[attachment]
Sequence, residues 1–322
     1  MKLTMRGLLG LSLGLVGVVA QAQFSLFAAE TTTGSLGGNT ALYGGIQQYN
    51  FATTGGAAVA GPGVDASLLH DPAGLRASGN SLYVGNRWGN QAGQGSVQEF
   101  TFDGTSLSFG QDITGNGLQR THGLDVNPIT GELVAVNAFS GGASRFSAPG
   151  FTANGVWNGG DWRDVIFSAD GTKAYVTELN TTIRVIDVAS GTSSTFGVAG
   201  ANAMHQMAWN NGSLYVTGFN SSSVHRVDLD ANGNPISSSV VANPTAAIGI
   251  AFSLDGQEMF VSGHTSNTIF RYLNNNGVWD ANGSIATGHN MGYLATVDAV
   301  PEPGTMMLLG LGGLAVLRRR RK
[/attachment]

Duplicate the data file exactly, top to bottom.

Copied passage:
Sequence, residues 1–322
     1  MKLTMRGLLG LSLGLVGVVA QAQFSLFAAE TTTGSLGGNT ALYGGIQQYN
    51  FATTGGAAVA GPGVDASLLH DPAGLRASGN SLYVGNRWGN QAGQGSVQEF
   101  TFDGTSLSFG QDITGNGLQR THGLDVNPIT GELVAVNAFS GGASRFSAPG
   151  FTANGVWNGG DWRDVIFSAD GTKAYVTELN TTIRVIDVAS GTSSTFGVAG
   201  ANAMHQMAWN NGSLYVTGFN SSSVHRVDLD ANGNPISSSV VANPTAAIGI
   251  AFSLDGQEMF VSGHTSNTIF RYLNNNGVWD ANGSIATGHN MGYLATVDAV
   301  PEPGTMMLLG LGGLAVLRRR RK